Sudbury tightens up Handi-Transit services

Sudburians who ride on Handi-Transit buses may soon have to prove they need the special service.

City takes next step in moving Handi-Transit riders onto regular city buses

(City of Greater Sudbury)

Sudburians who ride on Handi-Transit buses may soon have to prove they need the special service.

City councillors voted Monday night to restrict Handi-Transit to riders who are unable to get onto a regular city bus.

If the new policy passes a vote of full council, riders will have to apply to use Handi-Transit. Their needs would then be assessed by city staff.

City councillor Jacques Barbeau said this is the next step in moving Handi-Transit riders onto the regular city buses, which are now all fully accessible to people with a disability.

"I fully expect that we're going to ruffle some feathers with this report,” he said.

“People that have been abusing the system, their feathers that are going to be ruffled. And there's no doubt about that. But in the long run, this is the right thing to do."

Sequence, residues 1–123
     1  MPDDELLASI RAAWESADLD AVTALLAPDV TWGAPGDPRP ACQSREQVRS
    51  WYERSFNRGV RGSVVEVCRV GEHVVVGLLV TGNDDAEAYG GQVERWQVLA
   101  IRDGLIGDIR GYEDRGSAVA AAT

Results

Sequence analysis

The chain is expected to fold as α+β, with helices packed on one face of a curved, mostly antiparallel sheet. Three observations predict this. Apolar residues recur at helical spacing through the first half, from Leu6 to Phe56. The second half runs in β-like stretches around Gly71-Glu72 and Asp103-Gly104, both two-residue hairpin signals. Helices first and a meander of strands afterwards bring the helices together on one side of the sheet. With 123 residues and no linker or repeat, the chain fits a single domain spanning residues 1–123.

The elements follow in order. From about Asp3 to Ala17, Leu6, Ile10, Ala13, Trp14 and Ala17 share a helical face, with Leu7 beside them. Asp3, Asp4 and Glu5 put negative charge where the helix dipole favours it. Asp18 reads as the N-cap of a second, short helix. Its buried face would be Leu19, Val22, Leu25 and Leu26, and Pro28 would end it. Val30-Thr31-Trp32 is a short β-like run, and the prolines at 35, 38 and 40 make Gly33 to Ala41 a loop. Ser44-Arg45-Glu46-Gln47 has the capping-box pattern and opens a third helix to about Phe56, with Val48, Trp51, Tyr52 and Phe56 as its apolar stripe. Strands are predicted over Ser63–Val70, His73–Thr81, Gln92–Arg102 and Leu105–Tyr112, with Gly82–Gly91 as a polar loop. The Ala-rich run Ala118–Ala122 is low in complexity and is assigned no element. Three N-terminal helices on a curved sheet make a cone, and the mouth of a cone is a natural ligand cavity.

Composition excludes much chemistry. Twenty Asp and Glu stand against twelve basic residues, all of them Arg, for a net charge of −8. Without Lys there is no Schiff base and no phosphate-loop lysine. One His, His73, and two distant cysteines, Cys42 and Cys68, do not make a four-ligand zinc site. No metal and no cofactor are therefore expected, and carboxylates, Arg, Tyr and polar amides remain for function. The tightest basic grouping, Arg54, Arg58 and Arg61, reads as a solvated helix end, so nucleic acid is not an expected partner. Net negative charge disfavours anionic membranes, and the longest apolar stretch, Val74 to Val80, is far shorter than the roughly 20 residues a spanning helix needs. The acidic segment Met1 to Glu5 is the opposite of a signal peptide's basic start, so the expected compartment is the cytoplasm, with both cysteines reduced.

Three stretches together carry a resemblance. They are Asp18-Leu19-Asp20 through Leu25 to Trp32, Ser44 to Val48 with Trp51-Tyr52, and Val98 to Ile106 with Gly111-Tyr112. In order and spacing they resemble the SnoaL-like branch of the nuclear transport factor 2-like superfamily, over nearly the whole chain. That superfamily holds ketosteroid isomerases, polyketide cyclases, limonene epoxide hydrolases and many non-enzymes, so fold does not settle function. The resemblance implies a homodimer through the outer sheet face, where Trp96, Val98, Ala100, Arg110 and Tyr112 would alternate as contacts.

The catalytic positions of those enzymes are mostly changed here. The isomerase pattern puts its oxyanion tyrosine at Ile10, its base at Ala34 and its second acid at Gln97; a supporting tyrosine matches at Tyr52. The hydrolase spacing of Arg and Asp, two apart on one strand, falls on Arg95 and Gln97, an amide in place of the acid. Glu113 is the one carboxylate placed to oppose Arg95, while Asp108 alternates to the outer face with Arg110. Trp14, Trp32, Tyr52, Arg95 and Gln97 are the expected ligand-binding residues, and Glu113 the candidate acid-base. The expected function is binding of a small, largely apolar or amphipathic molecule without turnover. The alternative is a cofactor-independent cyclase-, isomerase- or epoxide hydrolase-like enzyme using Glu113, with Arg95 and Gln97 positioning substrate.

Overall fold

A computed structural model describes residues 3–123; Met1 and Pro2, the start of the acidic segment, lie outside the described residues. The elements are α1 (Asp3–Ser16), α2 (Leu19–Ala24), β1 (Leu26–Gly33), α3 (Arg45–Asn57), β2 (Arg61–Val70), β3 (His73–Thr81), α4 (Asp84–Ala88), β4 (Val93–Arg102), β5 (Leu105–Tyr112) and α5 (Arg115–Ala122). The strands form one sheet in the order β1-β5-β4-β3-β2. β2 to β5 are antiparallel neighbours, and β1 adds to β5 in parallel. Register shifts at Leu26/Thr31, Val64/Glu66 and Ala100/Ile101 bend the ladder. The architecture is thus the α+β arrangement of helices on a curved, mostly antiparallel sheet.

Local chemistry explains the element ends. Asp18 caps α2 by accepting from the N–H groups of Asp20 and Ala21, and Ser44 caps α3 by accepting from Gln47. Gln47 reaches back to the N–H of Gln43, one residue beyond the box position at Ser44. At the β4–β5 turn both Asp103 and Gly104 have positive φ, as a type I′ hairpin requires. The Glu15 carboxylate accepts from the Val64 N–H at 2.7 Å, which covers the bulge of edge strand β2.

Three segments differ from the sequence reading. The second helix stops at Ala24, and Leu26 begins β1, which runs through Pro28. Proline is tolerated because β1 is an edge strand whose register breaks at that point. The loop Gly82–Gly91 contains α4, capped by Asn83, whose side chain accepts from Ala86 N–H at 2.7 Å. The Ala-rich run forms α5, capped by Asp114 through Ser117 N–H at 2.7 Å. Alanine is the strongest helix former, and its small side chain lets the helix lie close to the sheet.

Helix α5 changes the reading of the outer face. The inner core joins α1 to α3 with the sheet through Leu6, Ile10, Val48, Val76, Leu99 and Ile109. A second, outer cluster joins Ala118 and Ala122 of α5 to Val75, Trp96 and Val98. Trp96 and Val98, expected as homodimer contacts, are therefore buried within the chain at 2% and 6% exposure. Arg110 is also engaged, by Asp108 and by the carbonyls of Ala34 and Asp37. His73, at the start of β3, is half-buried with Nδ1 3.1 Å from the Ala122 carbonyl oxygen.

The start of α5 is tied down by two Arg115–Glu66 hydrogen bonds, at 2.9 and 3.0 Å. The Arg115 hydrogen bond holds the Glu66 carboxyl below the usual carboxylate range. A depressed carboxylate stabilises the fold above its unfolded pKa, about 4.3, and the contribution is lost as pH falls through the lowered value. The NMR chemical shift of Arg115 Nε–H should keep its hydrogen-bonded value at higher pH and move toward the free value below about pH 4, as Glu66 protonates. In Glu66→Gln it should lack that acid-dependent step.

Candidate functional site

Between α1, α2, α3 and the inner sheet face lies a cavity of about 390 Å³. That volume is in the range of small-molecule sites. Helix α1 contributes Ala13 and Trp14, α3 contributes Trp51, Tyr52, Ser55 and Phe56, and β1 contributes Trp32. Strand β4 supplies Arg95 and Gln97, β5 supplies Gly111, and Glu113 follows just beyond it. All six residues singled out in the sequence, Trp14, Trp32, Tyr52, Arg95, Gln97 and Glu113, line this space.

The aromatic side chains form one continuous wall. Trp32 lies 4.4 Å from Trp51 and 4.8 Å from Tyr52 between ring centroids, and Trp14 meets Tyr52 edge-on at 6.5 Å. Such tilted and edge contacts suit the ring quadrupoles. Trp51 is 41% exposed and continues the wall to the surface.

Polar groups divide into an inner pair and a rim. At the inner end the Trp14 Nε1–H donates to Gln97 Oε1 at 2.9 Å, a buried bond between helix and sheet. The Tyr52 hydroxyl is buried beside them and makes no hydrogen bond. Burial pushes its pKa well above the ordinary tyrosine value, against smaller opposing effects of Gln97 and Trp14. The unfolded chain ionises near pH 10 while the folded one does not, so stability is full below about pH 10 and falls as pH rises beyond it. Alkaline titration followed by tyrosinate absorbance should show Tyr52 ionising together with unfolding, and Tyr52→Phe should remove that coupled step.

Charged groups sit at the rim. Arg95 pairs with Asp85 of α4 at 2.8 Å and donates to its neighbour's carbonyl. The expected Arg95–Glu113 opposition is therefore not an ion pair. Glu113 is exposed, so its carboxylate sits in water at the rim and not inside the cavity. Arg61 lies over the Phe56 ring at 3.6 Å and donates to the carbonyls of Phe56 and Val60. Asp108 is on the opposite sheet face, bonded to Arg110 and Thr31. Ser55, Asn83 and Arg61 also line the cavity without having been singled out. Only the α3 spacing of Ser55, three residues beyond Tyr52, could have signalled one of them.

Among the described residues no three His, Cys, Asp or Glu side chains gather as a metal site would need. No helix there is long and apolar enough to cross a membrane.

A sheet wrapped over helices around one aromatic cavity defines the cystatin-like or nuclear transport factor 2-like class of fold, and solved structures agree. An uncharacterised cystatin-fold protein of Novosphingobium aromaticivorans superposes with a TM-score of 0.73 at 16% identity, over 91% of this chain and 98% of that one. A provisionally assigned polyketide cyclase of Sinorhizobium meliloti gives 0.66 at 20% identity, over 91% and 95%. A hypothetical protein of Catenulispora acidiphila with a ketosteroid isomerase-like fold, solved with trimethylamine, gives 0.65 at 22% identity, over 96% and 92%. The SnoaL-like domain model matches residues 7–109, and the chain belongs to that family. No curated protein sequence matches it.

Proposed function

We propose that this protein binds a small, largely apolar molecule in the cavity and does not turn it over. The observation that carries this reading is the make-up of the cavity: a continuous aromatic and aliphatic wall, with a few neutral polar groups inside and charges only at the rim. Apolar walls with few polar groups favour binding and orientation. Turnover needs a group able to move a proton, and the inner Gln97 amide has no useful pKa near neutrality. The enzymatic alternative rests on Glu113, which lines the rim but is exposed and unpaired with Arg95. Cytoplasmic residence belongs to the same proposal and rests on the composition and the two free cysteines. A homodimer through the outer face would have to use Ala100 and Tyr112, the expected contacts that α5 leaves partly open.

Reducing costs

Linda Whiteside is a transit rider who helped draw up the new policy. She gets around in a wheelchair, but said she would rather take a regular city bus than Handi-Transit.

"I totally prefer the conventional transit, because it's freedom,” she said. “I can come and go when I want to come and go."

Whiteside said, like many other Sudburians living with disabilities, she still likes booking Handi-Transit for certain trips, especially in the wintertime.

The new policy won't be official until it passes another vote of city council in a few weeks from now. City staff members estimate the new policy may cut the costs of running Handi-Transit by as much as $180,000 in the next two years.


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